In a lesser degree, the same kind of a thing; our children read in history books in the life of Robert E. Lee. The beautiful home in which Robert E. Lee lived; the Custis Mansion overlooks Arlington National Cemetery, and overlooks the city of Washington. He was born of noble forbears, an illustrious graduate of our military West Point Academy. And when the war broke out between the states, the president of the United States, Abraham Lincoln, asked the distinguished General Robert E. Lee to take command of the forces of the North. It precipitated a course of battle in the heart of the noble Virginian. And finally he declared, "I cannot war against my brethren. I cannot take arms against my native Virginia. And if they battle, I shall battle by their sides. And if they fight, I shall fight with them. And if they die, I shall die among them." And Robert E. Lee came to be the leader of the forces of the South; out of love, and out of sympathy, sharing with his brethren.
It is something like that but we cannot enter in to it. It is something like that, that moved the heart of God when He looked down from heaven and saw the children of men, flesh and blood, subject unto suffering, and unto death. The descent of our Lord from glory is one of the great themes of the Word of God. There is not a passage in all literature, nor one in theology, nor one in the Bible that can excel this glorious description of the descent of our Lord in the second chapter of the Philippian letter. "Jesus, who being the morphē of God," whatever the morphē of God is, whatever form God has:
Jesus, being in the form God, thought it not a thing to be grasped, to be held onto, to be equal with God:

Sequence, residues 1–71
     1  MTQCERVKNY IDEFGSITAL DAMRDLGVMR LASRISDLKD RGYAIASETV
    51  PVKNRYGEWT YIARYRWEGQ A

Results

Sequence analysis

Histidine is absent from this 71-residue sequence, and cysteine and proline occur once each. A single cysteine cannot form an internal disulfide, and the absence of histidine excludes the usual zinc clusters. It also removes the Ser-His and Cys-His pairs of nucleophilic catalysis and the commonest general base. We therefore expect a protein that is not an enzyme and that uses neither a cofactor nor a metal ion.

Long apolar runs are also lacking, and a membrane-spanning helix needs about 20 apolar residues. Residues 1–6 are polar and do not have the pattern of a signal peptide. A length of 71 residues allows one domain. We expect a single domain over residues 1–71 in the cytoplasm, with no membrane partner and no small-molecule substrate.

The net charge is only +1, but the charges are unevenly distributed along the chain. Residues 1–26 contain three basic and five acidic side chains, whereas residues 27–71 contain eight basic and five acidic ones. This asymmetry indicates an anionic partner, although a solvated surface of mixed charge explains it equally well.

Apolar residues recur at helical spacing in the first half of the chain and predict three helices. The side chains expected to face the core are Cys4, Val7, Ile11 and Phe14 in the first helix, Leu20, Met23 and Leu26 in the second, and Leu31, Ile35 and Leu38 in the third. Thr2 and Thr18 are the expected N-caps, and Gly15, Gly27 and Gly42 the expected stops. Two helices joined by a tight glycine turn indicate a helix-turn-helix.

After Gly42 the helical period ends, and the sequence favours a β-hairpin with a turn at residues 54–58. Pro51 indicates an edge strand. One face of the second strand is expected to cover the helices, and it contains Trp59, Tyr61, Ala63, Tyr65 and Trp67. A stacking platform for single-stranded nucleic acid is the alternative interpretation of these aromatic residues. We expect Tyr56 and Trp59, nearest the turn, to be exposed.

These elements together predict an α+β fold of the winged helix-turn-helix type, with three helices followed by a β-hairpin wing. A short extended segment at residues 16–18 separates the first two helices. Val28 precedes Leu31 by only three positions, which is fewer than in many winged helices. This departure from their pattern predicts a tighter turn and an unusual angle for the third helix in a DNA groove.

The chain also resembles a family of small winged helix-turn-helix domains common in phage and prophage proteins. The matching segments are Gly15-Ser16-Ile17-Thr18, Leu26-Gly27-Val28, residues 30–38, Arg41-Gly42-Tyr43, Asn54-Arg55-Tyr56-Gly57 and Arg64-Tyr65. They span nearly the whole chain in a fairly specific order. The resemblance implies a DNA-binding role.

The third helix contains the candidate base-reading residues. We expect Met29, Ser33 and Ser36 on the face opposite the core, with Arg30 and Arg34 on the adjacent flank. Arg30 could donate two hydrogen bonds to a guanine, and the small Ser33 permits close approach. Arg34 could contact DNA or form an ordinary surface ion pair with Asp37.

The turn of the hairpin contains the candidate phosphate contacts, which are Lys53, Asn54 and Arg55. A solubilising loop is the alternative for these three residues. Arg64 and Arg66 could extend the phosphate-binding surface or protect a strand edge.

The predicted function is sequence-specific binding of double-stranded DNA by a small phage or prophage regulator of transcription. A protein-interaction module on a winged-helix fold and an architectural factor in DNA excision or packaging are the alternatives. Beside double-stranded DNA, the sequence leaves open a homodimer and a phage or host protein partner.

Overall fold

But poured Himself out, and took upon Him the morphē of a servant, of a man, and was made in the likeness of man.
And being found in fashion of a man, He humbled Himself, and became obedient unto death, even to the death of the cross.
From glory, down, and down, and down, and down, did He descend [Ephesians 4:9]. Our highest imagination cannot enter in to the heights of His glory nor can our minds imagine the descent to which He fell [Philippians 2:6-8]. Made out of flesh and blood, born a child in a manger [Luke 1:26-35, 2:1-16], living the life of a slave and of a servant [Philippians 2:7], and finally dying like a malefactor, raised between the earth and the sky, as though He were rejected by man, and scorned by heaven [Matthew 27:38-50]. These, these are the things our eloquent author portrays when He speaks of Jesus incarnate. Made like a man, flesh and blood, born of a virgin, in Bethlehem, that He might be one with us His brethren [Romans 8:29].
The second great reason, delineated here: He took upon Him the fashion and the form of a man [Philippians 2:7-8], that He might make reconciliation for the sins of the people – hilaskomai – "to make reconciliation" [Hebrews 2:16-17], it is translated here. When I see that word, there passes before my mind all of the sacrifices and all the ritual of the Old Testament. For the word hilasmos is the Greek word for "atonement," for "expiation," for "bearing away our sins." And the word hilaskomai used here is the word for "to expiate sins, to make atonement, to make reconciliation, to make it possible for a man who is a sinner to stand in the presence of God and live, to make wide open an entrance into heaven." He was incarnate [Matthew 1:20-2:1]. He was made flesh [John 1:14]. There was shaped for Him a body, that He might offer that body a sacrifice, an atonement, an expiation for our sins [Hebrews 10:4-14].
It is that subject that is so eloquently presented here in the tenth chapter of the same eloquent letter.
For it is not possible –
says the author –
that the blood of bulls and of goats should take away sins.
Wherefore when Christ cometh down, and down, and down into the world, He saith, Sacrifice and offering Thou wouldst not, but a body, hast Thou prepared for Me:
In burnt offerings and sacrifices for sin Thou hast no pleasure.
Then said I –
then said the Lord God, Jesus, the Prince of glory –
Then said I, Lo, I come (in the volume of the book it is written of Me) –
in the Old Testament Scriptures it is spoken –
to do Thy will, O God.